A giant elm tree died. Elm wood is wonderful for burning but extremely difficult to split. The little red machine is a hydrolic wood spliter. Pump the white arms and the wood slowly cracks apart. The tear inching through the wood sounds like a castle door slowly opening on 100 year old rusty hinges. After the spliter, the maul will finish the wood apart.

The pile up by the house with mostly dead elm.

The remains of the giant elm tree that have not been cut up yet. Any suggestions?

Piles out in full sun to dry quicker.

Chris found a great and Andy Goldsworthy way to help dry popple wood. Can you tell which one Chris built and which one I built?

Popple wood is a weed. Three years ago these trees did not block the pines. Yes, there are pines back there. We are cutting the popples down. There are a lot of baby oaks on the hill and the pines need room. I learned that popple grow from their roots. Therefore, they will just grow right back. Any suggestions on organic ways to keep the popple from reappearing?

Part of our woods looks like it was clear cut 10 to 15 years ago. It is filled with maples about the size of my shins. Ten years from now this could be syrup heaven. How do we manage this forest to be its healthiest? It already appears overcrowded and needs help.

It is my plan to try maple syrup this February. With the help of Matt and Owain, we painted red the maple trees on the hill by our house. I went back and put a green string around about 10 more trees right on the top of our hill. They are all an easy walk from the forest road. I also built an outdoor firepit to boil down the syrup. A neighbor friend says he has connections for me to buy a stainless steel pan for outdoor boiling. Another neighbor has an abundance of buckets. I just need bucket lids, taps and tubing. Plus, I need a large growth in understanding how to do all this. Does anybody else syrup and have pointers?

For the past two weeks when I take Owain for a walk, he heads straight off the path and bushwhacks it through the woods. We could be there for hours. He longer than I. This is the top of the hill looking towards our farm.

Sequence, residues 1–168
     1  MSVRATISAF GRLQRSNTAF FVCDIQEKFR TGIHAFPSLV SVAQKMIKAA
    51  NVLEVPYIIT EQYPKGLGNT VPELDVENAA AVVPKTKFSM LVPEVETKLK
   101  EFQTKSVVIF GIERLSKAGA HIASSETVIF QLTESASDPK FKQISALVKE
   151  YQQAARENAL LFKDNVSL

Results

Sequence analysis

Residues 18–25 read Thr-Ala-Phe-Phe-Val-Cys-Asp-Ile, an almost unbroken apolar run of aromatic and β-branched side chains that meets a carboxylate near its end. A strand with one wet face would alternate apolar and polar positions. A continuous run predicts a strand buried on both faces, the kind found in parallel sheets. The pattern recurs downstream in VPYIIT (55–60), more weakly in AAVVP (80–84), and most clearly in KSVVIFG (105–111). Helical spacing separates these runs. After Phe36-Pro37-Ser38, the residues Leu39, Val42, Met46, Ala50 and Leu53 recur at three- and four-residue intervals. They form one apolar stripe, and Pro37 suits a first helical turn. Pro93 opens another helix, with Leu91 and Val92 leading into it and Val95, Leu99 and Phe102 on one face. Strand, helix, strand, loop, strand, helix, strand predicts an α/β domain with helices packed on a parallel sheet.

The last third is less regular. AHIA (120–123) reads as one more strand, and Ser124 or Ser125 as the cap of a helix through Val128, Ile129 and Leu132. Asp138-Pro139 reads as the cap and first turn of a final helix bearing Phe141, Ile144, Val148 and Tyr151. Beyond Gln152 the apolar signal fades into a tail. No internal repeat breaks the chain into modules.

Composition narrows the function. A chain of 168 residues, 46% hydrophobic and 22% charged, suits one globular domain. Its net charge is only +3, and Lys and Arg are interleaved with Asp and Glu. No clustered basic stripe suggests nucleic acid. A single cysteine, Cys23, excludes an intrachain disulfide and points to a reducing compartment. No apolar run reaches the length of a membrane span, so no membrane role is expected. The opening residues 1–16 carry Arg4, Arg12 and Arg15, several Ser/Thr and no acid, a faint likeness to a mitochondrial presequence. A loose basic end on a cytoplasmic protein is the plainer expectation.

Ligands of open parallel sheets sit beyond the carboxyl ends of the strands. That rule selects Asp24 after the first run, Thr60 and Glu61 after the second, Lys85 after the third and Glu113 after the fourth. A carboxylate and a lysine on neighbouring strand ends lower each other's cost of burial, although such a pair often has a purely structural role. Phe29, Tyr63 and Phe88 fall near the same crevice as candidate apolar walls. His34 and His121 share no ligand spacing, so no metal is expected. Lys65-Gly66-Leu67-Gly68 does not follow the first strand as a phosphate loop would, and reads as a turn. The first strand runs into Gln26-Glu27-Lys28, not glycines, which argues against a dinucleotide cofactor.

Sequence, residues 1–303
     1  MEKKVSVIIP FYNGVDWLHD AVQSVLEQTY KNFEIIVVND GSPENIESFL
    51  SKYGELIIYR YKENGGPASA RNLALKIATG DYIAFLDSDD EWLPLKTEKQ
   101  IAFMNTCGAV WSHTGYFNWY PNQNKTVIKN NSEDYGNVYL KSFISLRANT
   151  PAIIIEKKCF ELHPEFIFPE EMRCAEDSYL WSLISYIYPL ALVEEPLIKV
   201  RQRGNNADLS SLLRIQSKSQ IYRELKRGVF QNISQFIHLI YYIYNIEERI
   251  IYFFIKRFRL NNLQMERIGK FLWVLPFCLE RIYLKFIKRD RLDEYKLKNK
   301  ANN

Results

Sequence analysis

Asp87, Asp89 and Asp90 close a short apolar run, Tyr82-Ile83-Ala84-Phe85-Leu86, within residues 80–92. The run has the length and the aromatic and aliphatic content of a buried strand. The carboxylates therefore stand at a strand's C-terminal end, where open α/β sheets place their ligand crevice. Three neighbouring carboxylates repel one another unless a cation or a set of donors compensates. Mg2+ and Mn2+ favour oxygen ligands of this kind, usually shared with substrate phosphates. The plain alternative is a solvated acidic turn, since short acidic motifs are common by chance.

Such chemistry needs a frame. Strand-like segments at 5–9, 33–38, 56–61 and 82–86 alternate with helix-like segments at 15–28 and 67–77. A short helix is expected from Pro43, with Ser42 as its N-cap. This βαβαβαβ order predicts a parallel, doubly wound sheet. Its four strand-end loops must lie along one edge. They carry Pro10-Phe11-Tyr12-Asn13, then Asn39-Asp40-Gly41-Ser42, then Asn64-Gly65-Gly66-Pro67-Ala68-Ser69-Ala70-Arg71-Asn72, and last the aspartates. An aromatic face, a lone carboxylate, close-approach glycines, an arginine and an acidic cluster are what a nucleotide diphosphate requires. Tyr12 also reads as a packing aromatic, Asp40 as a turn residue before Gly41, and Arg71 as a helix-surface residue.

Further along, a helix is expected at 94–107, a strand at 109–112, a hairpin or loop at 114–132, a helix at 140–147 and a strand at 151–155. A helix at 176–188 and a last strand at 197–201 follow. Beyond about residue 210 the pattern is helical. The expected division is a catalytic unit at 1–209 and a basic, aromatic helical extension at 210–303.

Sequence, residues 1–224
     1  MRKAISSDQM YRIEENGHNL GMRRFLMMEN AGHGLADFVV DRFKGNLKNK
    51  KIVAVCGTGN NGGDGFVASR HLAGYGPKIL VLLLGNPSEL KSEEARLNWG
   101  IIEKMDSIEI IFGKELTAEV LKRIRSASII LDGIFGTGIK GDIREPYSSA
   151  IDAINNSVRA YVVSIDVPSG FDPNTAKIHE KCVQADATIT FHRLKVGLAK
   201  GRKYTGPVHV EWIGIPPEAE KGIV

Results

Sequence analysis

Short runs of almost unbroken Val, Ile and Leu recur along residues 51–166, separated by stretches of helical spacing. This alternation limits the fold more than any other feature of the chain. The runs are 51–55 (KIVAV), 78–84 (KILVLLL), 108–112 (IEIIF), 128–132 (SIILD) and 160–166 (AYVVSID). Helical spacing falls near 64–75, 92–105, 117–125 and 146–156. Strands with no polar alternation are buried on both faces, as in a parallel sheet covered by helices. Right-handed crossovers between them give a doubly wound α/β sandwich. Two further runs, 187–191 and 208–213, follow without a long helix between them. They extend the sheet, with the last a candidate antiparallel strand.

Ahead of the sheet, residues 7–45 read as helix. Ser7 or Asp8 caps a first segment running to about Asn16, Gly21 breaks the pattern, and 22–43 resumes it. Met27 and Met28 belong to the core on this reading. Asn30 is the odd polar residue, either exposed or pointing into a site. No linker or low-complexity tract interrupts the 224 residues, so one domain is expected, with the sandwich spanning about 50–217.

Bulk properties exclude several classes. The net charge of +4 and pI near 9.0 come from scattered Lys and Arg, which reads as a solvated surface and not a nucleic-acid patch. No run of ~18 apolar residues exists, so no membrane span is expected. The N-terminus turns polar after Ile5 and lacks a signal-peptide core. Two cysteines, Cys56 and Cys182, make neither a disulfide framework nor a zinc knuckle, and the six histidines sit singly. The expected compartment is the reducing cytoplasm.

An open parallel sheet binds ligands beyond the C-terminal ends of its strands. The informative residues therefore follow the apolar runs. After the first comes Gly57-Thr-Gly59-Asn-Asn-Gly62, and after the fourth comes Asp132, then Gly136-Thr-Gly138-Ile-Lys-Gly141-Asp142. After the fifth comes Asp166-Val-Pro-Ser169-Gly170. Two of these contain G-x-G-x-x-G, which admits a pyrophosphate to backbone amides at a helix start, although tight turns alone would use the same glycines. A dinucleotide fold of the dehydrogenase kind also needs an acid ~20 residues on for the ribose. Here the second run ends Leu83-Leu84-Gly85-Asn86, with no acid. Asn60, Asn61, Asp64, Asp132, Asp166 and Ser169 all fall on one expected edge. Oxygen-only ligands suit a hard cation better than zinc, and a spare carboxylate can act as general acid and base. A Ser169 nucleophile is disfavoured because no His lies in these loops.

Monday, October 08, 2007

When to say goodbye

There have been many times in my life for many reasons I've wished animals could talk to me. Many of you know Mistie. She is the horse I bought when I was 13 years old, and she remains with me today, having now surpassed the 30-year mark. This makes her pretty old in the equine realm. She's generally reasonably healthy systemically, and can maintain a decent weight on appropriate (read: mushy) feed. Her issue is that she's got terrible arthritis, and she clearly aches. She's fallen down on the farrier a few times, and creaks and groans and hobbles around - on damp, cool days especially.

I have three or four weeks left to decide whether or not I will euthanize her. I want to bury her on the farm, and around here, the frozen winter ground makes that impossible November - March. I fear she will die in the middle of winter, or worse yet, lie down and not be able to get up again and I'll have to put her down in a traumatic, painful situation. But my courage is failing me and I'm struggling with planning her demise. She is representative of so much to me: my childhood, my dream, a whole world of fun and learning and relationship. Part of me wants to spare her pain and offer her a way to go with dignity and peace, and part of me wants to hang on to her at all costs. Winter is hard on old horses. Why can't I do this? What, exactly, do I owe her? Am I right to continue to extend her life unnaturally or right to end her life unnaturally? I want a sign. I want to know for sure. But a definitive answer may never come.

Does anyone have any advice for me, or any experience in this area? How do I best honor this wise old friend? I could use some help.